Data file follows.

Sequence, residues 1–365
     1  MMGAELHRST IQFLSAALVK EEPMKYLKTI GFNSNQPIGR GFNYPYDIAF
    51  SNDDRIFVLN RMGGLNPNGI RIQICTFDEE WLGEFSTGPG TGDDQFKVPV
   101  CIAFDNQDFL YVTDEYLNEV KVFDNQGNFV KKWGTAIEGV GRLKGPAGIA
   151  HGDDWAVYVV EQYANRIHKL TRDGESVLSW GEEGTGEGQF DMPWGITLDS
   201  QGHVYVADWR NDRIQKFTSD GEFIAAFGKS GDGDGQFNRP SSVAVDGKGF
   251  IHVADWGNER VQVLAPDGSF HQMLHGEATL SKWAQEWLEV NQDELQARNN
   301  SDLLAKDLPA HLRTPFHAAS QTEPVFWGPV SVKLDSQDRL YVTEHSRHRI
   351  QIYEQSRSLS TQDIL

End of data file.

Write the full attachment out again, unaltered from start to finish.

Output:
Sequence, residues 1–365
     1  MMGAELHRST IQFLSAALVK EEPMKYLKTI GFNSNQPIGR GFNYPYDIAF
    51  SNDDRIFVLN RMGGLNPNGI RIQICTFDEE WLGEFSTGPG TGDDQFKVPV
   101  CIAFDNQDFL YVTDEYLNEV KVFDNQGNFV KKWGTAIEGV GRLKGPAGIA
   151  HGDDWAVYVV EQYANRIHKL TRDGESVLSW GEEGTGEGQF DMPWGITLDS
   201  QGHVYVADWR NDRIQKFTSD GEFIAAFGKS GDGDGQFNRP SSVAVDGKGF
   251  IHVADWGNER VQVLAPDGSF HQMLHGEATL SKWAQEWLEV NQDELQARNN
   301  SDLLAKDLPA HLRTPFHAAS QTEPVFWGPV SVKLDSQDRL YVTEHSRHRI
   351  QIYEQSRSLS TQDIL